- The arc length is inversely proportional to the radius of the circular path, and it increases with the radius.

- $2v$
- $\frac{v}{2}$
- $-v$
- $0$

#### 6.2 Uniform Circular Motion

- Velocity is tangential, and acceleration is radially outward.
- Velocity is tangential, and acceleration is radially inward.
- Velocity is radially outward, and acceleration is tangential.
- Velocity is radially inward, and acceleration is tangential.

- More force is required, because the force is inversely proportional to the radius of the circular orbit.
- More force is required because the force is directly proportional to the radius of the circular orbit.
- Less force is required because the force is inversely proportional to the radius of the circular orbit.
- Less force is required because the force is directly proportional to the radius of the circular orbit.

#### 6.3 Rotational Motion

Consider two spinning tops with different radii. Both have the same linear instantaneous velocities at their edges. Which top has a higher angular velocity?

- the top with the smaller radius because the radius of curvature is inversely proportional to the angular velocity
- the top with the smaller radius because the radius of curvature is directly proportional to the angular velocity
- the top with the larger radius because the radius of curvature is inversely proportional to the angular velocity
- The top with the larger radius because the radius of curvature is directly proportional to the angular velocity

- It increases, because the torque is directly proportional to the mass of the body.
- It increases because the torque is inversely proportional to the mass of the body.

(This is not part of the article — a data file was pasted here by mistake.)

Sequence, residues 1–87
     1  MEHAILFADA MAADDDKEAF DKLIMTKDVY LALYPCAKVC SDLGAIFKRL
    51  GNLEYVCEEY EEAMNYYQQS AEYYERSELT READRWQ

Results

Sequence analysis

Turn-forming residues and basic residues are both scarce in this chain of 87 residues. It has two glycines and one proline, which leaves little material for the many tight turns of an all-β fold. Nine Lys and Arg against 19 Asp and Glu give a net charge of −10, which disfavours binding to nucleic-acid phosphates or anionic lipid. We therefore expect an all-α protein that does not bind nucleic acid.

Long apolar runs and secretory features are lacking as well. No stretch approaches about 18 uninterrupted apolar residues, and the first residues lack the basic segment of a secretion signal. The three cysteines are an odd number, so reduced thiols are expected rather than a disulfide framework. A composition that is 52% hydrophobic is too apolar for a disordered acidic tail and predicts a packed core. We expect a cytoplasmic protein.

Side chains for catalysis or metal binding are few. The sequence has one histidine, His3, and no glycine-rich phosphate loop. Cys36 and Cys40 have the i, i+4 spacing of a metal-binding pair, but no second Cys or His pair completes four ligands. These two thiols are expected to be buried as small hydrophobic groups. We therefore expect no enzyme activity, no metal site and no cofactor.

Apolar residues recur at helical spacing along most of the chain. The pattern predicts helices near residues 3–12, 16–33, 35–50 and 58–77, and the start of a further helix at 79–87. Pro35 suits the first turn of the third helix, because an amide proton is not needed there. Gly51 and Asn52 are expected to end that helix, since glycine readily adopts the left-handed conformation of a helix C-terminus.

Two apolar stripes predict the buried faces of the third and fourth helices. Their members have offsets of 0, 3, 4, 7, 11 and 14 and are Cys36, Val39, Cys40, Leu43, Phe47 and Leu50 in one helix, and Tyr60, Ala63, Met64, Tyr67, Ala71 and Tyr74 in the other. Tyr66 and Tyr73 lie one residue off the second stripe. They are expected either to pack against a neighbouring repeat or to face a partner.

- It decreases because the torque is directly proportional to the mass of the body.
- It decreases, because the torque is inversely proportional to the mass of the body.

### Problems

#### 6.1 Angle of Rotation and Angular Velocity

- ${40}^{\circ}$
- ${80}^{\circ}$
- ${81}^{\circ}\phantom{\rule{negativethinmathspace}{0ex}}$
- ${163}^{\circ}$

- $9\times {10}^{-4}\phantom{\rule{thinmathspace}{0ex}}\text{m/s}$
- $3.4\times {10}^{-3}\phantom{\rule{thinmathspace}{0ex}}\text{m/s}$
- $8.5\times {10}^{-4}\phantom{\rule{thinmathspace}{0ex}}\text{m/s}$
- $1.3\times {10}^{1}\phantom{\rule{thinmathspace}{0ex}}\text{m/s}$

#### 6.2 Uniform Circular Motion

What is the centripetal force exerted on a 1,600 kg car that rounds a 100 m radius curve at 12 m/s?

- 192 N
- 1, 111 N
- 2, 300 N
- 13, 333 N

Find the frictional force between the tires and the road that allows a 1,000 kg car traveling at 30 m/s to round a 20 m radius curve.

- 22 N
- 667 N
- 1, 500 N
- 45, 000 N

#### 6.3 Rotational Motion

An object’s angular acceleration is 36 rad/s^{2}. If it were initially spinning with a velocity of 6.0 m/s, what would its angular velocity be after 5.0 s?

- 186 rad/s
- 190 rad/s
^{2} - −174 rad/s
- −174 rad/s
^{2}

When a fan is switched on, it undergoes an angular acceleration of 150 rad/s^{2}. How long will it take to achieve its maximum angular velocity of 50 rad/s?

- −00.3 s
- −0.3 s
- 0.3 s
- 3.0 s

### Performance Task

#### 6.3 Rotational Motion

Design a lever arm capable of lifting a 0.5 kg object such as a stone. The force for lifting should be provided by placing coins on the other end of the lever. How many coins would you need? What happens if you shorten or lengthen the lever arm? What does this say about torque?